What does the Political Economy Literature on Trade Policy (Not) Tell Us That We Ought to Know?
AbstractThree questions lie at the core of the large and distinguished literature on the political economy of trade policy. First, why is international trade not free? Second, why are trade policies universally biased against (rather than in favour of) trade? Third, what are the determinants of the variation in protection levels across industries, countries, and institutional contexts? These questions are handled only imperfectly by the existing literature. Current models treat trade policy as a redistributive tool, but do not explain why it emerges in political equilibrium in preference over more direct policy instruments. Further, existing models do not generate a bias against trade, implying that pro-trade interventions are as likely as trade-restricting interventions. The greatest contribution of the political economy literature may lie in developing a better grasp of normative economic analysis - that is, in helping design policies, rules, and institutions.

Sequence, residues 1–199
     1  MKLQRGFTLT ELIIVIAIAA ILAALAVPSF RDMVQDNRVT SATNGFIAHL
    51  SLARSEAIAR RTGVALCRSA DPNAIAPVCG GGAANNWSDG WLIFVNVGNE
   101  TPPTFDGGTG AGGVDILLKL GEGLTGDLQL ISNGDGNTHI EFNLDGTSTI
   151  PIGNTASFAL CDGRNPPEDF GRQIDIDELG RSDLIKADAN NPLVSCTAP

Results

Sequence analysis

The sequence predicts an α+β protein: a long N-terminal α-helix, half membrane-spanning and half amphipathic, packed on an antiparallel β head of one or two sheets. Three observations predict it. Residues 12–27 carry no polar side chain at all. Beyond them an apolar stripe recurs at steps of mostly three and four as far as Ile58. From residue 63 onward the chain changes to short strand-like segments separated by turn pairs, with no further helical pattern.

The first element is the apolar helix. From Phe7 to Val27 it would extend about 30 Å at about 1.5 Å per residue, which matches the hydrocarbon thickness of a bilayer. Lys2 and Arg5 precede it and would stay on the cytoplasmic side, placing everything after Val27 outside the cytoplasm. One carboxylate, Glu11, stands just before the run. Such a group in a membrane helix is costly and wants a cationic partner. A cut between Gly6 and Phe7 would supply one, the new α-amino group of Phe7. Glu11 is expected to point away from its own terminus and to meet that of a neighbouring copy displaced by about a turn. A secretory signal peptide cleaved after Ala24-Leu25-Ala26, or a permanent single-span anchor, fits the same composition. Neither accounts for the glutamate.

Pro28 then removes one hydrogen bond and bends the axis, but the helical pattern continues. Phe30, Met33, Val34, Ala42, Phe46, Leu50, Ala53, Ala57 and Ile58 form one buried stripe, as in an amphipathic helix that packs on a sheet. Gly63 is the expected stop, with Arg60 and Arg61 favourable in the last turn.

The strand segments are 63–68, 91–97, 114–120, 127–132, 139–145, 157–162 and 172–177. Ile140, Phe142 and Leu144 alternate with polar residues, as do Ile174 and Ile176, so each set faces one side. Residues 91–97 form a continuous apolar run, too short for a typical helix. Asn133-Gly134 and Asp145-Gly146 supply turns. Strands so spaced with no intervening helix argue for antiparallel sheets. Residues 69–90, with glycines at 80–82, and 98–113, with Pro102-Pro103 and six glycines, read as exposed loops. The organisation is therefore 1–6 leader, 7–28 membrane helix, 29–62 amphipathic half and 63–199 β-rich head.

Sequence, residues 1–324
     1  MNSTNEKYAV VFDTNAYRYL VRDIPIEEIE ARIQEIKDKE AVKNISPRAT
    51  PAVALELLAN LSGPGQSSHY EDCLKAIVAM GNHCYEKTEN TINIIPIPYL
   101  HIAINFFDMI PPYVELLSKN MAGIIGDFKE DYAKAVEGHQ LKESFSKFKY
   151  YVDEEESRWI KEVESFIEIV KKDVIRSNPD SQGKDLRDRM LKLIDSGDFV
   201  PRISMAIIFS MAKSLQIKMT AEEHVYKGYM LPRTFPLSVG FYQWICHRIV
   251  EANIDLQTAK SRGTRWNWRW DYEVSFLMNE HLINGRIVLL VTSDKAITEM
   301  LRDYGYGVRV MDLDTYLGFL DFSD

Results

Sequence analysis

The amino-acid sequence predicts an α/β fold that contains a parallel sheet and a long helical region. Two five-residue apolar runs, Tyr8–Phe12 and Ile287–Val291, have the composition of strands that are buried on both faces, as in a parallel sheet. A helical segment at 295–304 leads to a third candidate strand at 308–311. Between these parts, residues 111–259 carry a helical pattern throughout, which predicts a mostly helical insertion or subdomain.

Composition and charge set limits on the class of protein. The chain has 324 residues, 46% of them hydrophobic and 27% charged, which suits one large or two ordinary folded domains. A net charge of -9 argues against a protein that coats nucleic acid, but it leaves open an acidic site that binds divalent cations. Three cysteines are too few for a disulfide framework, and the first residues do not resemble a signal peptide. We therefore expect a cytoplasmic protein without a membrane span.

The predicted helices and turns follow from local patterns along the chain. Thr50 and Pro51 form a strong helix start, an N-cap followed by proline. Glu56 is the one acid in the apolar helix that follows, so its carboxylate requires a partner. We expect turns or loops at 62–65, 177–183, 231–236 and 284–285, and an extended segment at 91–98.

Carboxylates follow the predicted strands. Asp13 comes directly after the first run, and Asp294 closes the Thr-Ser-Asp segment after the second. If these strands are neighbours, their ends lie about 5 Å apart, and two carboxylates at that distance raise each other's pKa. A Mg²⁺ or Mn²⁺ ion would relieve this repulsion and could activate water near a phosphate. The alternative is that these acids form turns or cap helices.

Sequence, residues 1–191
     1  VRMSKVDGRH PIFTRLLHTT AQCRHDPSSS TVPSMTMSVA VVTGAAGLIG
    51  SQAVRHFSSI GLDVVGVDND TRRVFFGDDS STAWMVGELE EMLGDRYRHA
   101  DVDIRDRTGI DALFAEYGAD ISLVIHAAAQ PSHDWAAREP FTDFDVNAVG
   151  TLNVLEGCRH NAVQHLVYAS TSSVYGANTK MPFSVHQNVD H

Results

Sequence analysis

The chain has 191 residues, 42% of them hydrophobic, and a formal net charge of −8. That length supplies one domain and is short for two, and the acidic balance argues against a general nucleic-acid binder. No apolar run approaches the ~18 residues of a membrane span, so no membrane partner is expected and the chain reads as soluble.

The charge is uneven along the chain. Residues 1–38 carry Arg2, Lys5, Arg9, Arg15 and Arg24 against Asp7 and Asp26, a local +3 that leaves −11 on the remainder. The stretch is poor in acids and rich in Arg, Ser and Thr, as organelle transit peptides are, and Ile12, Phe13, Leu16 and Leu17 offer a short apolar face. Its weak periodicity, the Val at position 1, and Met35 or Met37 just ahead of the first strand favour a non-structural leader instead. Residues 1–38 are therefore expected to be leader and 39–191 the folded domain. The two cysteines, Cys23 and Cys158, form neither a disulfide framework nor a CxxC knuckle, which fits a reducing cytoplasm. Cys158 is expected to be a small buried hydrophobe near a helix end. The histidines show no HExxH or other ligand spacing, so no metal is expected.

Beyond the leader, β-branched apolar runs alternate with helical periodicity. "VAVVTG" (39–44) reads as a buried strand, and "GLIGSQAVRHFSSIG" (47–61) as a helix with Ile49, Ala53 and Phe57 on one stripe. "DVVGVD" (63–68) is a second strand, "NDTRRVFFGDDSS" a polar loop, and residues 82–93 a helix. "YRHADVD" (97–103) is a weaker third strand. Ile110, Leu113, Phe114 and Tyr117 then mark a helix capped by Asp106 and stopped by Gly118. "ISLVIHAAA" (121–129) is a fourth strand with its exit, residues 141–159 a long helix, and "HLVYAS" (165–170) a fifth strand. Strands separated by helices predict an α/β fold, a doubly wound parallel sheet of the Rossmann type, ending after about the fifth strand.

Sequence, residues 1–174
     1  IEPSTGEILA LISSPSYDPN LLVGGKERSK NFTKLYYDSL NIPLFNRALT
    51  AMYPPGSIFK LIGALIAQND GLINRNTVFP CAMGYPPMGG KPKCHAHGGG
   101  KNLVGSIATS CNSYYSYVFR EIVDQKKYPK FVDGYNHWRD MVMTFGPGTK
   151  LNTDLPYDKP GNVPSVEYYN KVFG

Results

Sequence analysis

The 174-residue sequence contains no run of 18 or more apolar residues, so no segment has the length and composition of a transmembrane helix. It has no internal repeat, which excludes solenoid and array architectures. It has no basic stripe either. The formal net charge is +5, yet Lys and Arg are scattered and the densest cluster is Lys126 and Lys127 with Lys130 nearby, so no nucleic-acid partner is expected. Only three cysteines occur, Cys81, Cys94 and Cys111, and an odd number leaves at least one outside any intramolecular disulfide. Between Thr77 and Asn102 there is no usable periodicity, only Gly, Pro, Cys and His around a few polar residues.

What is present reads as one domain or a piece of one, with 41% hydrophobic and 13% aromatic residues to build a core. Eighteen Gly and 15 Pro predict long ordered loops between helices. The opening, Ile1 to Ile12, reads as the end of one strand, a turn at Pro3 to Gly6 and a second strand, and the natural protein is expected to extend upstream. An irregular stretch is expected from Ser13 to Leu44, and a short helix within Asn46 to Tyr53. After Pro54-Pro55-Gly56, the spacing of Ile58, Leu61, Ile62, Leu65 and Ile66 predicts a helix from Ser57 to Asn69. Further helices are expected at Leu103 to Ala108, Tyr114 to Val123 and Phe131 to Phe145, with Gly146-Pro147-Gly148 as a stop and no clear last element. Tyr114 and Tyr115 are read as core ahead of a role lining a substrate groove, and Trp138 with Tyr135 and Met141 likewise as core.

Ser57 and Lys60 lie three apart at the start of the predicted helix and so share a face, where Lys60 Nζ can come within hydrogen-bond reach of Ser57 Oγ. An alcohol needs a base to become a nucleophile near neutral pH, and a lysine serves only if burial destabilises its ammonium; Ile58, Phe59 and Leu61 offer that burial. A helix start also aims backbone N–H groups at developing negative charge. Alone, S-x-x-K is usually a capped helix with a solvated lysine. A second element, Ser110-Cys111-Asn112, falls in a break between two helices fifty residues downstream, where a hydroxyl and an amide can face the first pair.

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Bibliographic InfoPaper provided by C.E.P.R. Discussion Papers in its series CEPR Discussion Papers with number 1039.
Date of creation: Oct 1994
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Other versions of this item:
- Dani Rodrik, 1994. "What Does the Political Economy Literature on Trade Policy (Not) Tell UsThat We Ought To Know?," NBER Working Papers 4870, National Bureau of Economic Research, Inc.
- F13 - International Economics - - Trade - - - Trade Policy; International Trade Organizations
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